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Let $\pi:\mathcal{C}\to S$ be a morphism of schemes such that $\mathcal{C} \subset \mathbb{C}^2 \times S$ with the inclusion map commuting with the natural projection to $S$ and for all $s \in S$, $\pi^{-1}(s)$ is a curve in $\mathbb{C}^2$ (under the restriction of the inclusion of $\mathcal{C}$ into $\mathbb{C}^2 \times S$). Suppose further that $S$ is an integral scheme. If for all $s \in S$, the $\delta$-invariant of the corresponding curve $\mathcal{C}_s:=\pi^{-1}(s)$ is constant, can we then say that $\pi$ is flat? I think this is true if $S$ is smooth. Here, I weaken it to integrality.

Any hint/reference will be most welcome.

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Without further hypotheses on $S$, there are counterexamples. For instance, begin with $\widetilde{S}$ equal to the affine line $\mathbb{A}^1_k = \text{Spec} \ k[s]$. Inside of the affine space $\mathbb{A}^2_S = \text{Spec}\ k[s,t,u]$, consider the closed subscheme $\widetilde{\mathcal{C}}$ equal to the zero scheme of $t(1-(1-s)u)$. This is flat over $\widetilde{S}$, yet the fibers do not have constant $\delta$-invariant. For every $s\neq 1$, the $\delta$-invariant equals $1$. For $s=1$, the $\delta$-invariant equals $0$.

Notice, the fiber over $s=1$ is a closed subcurve of the fiber over $s=-1$. Thus, denote the coproduct of $s=1$ and $s=-1$ as follows, $$\nu:\widetilde{S} \to S, \ \ S = \text{Spec}\ k[y,z]/\langle z^2-y^2(1+y) \rangle, \ \ \nu^*y = s^2-1, \ \nu^*z = s(s^2-1). $$ This morphism is an isomorphism away from $s=1$ and $s=-1$, which both map to a common point $p$ of $S$. Thus, define $\mathcal{C}\subset \mathbb{A}^2_S$ to be the closure of the image of $\widetilde{\mathcal{C}}$ away from $p$. This is most certainly not flat, yet the fiber over every point of $S$ is a reduced plane curve with $\delta$-invariant equal to $1$.

One important feature of this example is that $S$ is not normal.

Additional Hypothesis. Let $S$ be an integral Noetherian scheme that is normal.

Under the additional hypothesis, there is a positive answer without any assumption on the $\delta$-invariant.

Proposition. For every projective, smooth $S$-scheme $X$, for every closed subscheme $\mathcal{C}$ of $X$ such that every associated point of $\mathcal{C}$ dominates $S$ and has codimension $1$ in $X$, then $\mathcal{C}$ is $S$-flat if and only if every $S$-fiber of $\mathcal{C}$ has codimension $1$ in the corresponding $S$-fiber of $X$.

Proof. When $\mathcal{C}$ is empty, this is trivial. Thus, assume that $\mathcal{C}$ is not empty. One direction is straightforward: flatness implies constancy of fiber dimension. It remains to prove the other direction.

The $S$-flat locus of $\mathcal{C}$ is open in $\mathcal{C}$. Since the local ring of $S$ at each codimension $1$ point is a DVR, and since a finitely presented scheme over a DVR is flat if and only if every associated point of the domain dominates the generic point of the DVR, the flat locus contains the fiber over every codimension $1$ point. Thus, the closure $Z$ of the image in $S$ of the non-$S$-flat locus of $\mathcal{C}$ has codimension $\geq 2$ everywhere.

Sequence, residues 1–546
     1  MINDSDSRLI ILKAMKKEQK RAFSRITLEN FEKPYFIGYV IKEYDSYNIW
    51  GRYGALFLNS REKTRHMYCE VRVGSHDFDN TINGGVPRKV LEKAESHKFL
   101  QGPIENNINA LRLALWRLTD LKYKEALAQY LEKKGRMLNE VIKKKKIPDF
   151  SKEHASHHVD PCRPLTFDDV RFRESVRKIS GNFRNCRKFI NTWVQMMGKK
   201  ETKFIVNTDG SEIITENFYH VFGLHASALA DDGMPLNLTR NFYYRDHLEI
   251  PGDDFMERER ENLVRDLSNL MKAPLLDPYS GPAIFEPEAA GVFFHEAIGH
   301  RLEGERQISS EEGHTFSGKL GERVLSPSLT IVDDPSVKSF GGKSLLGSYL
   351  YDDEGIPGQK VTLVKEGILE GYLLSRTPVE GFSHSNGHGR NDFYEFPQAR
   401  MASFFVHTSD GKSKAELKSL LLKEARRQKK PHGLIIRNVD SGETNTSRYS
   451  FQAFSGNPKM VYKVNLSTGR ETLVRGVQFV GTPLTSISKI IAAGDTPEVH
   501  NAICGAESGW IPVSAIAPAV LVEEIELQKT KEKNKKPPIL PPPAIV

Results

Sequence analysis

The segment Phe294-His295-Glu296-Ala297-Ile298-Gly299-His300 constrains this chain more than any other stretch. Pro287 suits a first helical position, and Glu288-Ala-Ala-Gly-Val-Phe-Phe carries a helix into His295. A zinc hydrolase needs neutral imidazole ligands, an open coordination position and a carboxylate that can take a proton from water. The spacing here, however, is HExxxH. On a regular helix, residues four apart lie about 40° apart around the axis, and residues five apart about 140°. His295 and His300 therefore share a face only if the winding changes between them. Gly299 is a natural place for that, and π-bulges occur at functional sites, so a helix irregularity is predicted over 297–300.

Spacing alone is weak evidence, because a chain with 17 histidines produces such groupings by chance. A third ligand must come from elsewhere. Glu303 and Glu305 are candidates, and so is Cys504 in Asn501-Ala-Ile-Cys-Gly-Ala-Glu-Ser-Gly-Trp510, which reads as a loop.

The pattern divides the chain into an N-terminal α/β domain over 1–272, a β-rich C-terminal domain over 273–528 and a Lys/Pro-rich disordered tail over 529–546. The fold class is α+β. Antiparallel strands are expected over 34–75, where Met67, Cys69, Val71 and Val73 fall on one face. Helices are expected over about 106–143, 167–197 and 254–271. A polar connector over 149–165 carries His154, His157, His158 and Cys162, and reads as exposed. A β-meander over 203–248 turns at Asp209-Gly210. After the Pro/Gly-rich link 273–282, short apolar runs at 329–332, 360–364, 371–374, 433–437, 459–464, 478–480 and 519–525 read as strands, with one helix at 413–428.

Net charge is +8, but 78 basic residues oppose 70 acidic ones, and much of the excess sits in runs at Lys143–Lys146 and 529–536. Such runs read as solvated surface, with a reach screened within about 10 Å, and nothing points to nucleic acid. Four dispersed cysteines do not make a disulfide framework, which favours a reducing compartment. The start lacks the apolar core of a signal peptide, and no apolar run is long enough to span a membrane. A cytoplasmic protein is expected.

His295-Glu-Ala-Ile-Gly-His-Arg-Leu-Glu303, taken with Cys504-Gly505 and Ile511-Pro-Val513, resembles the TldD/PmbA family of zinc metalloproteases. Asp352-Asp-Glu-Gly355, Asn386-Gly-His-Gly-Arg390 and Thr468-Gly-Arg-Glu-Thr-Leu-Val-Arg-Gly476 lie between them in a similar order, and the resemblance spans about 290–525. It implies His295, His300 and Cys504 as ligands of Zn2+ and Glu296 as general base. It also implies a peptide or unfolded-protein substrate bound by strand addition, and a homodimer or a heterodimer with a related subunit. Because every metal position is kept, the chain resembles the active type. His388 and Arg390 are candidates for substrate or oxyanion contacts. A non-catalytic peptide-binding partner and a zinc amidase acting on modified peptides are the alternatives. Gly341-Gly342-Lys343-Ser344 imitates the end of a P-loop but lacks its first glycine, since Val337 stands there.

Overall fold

Although it is a bit of a sledgehammer, perhaps the "fastest" way to finish the argument is to use the existence and properties of the relative Hilbert scheme of $X/S$. (Definitely there is also an argument via local algebra and / or using Raynaud-Gruson.)

Over $S\setminus Z$, the family $\mathcal{C}$ defines a section of the relative Hilbert scheme of $X/S$. Since the Hilbert scheme is a disjoint union of projective $S$-schemes, the closure $S'$ of the image of this section is projective over $S$. After base change to $S'$, there is a flat extension $\mathcal{C}'$. Since $X$ is $S$-smooth, also $\mathcal{C}'$ is a Cartier divisor in $X'=X\times_S S'$. However, for every point $s$ of $S$, for each point $s'$ of $S'$ over $s$, the Cartier divisor $\mathcal{C}'_{s'}$ in $X_{s'}$ is a positive linear combination of prime Cartier divisors that equal the irreducible components of $\mathcal{C}_s$. Since the total degree (with respect to some ample invertible sheaf) is constant over $S'$, also the positive coefficients of this linear combination are bounded. Thus, the morphism $S'\to S$ has finite fibers.

Every proper morphism with finite fibers is a finite morphism. Since $S$ is normal, every finite, birational morphism from an integral scheme $S'$ to $S$ is an isomorphism. Indeed, the local ring $\mathcal{O}_{S',s'}$ is intermediate between $\mathcal{O}_{S,s}$ and every localization $\mathcal{O}_{S,t}$ at a codimension $1$ point $t$ that specializes to $s$. Since $S$ is normal, the local ring $\mathcal{O}_{S,s}$ equals the intersection of all such local rings $\mathcal{O}_{S,t}$ in the fraction field. Thus, $S'\to S$ is an isomorphism. In other words, already $\mathcal{C}$ is $S$-flat. QED

Back to the setting of the original question, for an open subscheme $U$ of $X$ that is dense in every $S$-fiber, let $\mathcal{C}_U$ be a closed subscheme of $U$ whose associated points dominate $S$ and are codimension $1$ in $U$, and such that every $S$-fiber of $\mathcal{C}_U$ has codimension $1$ in the corresponding $S$-fiber of $U$. Denote by $\mathcal{C}$ the closure of $\mathcal{C}_U$ in $X$. Then $\mathcal{C}$ satisfies the hypotheses of the proposition. Thus, $\mathcal{C}$ is $S$-flat. Therefore, also $\mathcal{C}_U$ is $S$-flat.

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